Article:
“For me, God doesn’t show floodlights,” Sister Dede says. “He sheds just enough light for me to take small steps forward.”
She hasn’t yet made her final vows as a sister (a term preferred to “nun” — “sister” indicates an active, worldly role as opposed to a convent-based, contemplative life, she says). But Sister Dede has known since adolescence that she wanted to devote her life to serving God and healing the poor.
“It took me a long time to find a community,” she says.
In 2000, though, she found her future spiritual — and literal — home, Little Workers of the Sacred Hearts, not far from the Basilica of the National Shrine of the Immaculate Conception in Northeast: A place where she could serve the medical needs of the poor while also serving God.
“What I saw was God asking me to start a medical branch of an established community,” she says. “The Little Workers of the Sacred Hearts was that community.”
Military, medicine, mission
Way, way before then — in the late 1970s — she joined the Army and went to medical school at Georgetown University (following in the footsteps of her father, a retired thoracic surgeon and alumni of Georgetown).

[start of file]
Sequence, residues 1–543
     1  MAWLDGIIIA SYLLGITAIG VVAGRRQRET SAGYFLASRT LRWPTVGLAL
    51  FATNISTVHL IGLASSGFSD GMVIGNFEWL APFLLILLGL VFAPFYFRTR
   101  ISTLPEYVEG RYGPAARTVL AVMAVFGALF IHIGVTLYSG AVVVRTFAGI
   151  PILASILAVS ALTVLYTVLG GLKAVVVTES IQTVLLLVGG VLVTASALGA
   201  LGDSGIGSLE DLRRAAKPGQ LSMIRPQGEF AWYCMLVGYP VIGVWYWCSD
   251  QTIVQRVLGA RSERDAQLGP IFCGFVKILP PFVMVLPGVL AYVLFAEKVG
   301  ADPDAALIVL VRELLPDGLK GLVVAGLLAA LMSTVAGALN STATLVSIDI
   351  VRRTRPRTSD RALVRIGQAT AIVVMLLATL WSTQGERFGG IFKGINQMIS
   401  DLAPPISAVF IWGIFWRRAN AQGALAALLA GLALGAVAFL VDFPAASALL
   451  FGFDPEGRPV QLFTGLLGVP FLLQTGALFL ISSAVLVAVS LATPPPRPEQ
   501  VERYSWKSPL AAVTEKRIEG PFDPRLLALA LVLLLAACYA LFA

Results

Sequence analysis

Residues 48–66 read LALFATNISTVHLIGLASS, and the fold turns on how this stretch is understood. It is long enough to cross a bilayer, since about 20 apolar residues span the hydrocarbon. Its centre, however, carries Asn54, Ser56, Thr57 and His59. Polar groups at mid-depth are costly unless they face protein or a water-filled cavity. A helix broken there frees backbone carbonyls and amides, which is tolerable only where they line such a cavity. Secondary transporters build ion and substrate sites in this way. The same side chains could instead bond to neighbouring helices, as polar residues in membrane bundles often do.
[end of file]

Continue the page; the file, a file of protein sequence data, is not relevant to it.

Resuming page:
Joining the Army initially was just a way to pay for medical school, but it grew in significance.
She found that she also could do God’s work while serving as an Army doctor. In 1985 and 1986, she served as an active-duty Army doctor in Egypt’s Sinai desert, where she started a group called the “Sunshine Club” that helped female soldiers “stay chaste and true.”
“We’d just go down to the Red Sea — it was very beautiful — and talk about how to stay strong, and about the pressures to do things they didn’t really want to do,” she says. “I was their mama.”
As it turns out, though, she wasn’t just a role model and spiritual leader for those young women. A scrapbook from the tour shows a deep appreciation from male soldiers, too.
“Your caring attitude is an inspiration to all of us,” a major wrote.
“Thank you for all the help you have given me in both my work and my spirit,” added another.
“I have worked with a lot of physicians in my career, but none have shown the compassion that you have shown toward the troops here,” wrote another.
Being called compassionate, though, was nothing new to Sister Dede.View Entire Story
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